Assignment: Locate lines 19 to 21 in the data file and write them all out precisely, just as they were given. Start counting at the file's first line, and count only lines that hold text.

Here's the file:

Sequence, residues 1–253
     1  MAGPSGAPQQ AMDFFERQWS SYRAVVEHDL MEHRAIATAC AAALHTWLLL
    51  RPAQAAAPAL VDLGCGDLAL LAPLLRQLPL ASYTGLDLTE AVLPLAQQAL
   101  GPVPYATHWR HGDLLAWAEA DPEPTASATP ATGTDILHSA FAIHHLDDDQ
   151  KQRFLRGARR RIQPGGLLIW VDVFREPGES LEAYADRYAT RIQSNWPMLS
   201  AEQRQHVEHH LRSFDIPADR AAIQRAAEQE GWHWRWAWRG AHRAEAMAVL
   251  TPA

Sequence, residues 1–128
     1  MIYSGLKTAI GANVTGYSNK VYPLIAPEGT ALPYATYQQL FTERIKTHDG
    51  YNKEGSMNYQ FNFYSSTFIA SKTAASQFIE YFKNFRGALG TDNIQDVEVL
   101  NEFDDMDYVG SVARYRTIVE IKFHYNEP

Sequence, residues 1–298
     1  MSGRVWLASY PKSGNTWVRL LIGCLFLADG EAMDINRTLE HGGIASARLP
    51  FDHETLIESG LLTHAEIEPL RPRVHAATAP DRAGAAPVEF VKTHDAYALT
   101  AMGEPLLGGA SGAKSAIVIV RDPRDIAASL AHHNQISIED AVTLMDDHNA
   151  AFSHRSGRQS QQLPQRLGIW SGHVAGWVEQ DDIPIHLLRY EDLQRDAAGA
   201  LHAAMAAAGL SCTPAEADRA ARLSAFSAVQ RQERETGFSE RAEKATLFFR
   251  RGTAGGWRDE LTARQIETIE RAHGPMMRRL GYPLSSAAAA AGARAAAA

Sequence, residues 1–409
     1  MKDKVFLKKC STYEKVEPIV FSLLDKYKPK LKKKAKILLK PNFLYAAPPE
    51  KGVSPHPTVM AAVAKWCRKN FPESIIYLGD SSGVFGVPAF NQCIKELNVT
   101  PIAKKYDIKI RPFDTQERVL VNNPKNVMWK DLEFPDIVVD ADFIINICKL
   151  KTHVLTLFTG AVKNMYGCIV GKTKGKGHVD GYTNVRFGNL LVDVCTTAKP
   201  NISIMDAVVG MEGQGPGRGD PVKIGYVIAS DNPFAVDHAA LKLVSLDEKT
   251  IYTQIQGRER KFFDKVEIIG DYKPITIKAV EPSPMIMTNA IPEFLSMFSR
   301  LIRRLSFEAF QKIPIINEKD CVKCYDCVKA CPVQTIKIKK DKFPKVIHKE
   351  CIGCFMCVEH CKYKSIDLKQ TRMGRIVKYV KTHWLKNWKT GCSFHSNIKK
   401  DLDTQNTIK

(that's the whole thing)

Sequence, residues 1–409
     1  MKDKVFLKKC STYEKVEPIV FSLLDKYKPK LKKKAKILLK PNFLYAAPPE
    51  KGVSPHPTVM AAVAKWCRKN FPESIIYLGD SSGVFGVPAF NQCIKELNVT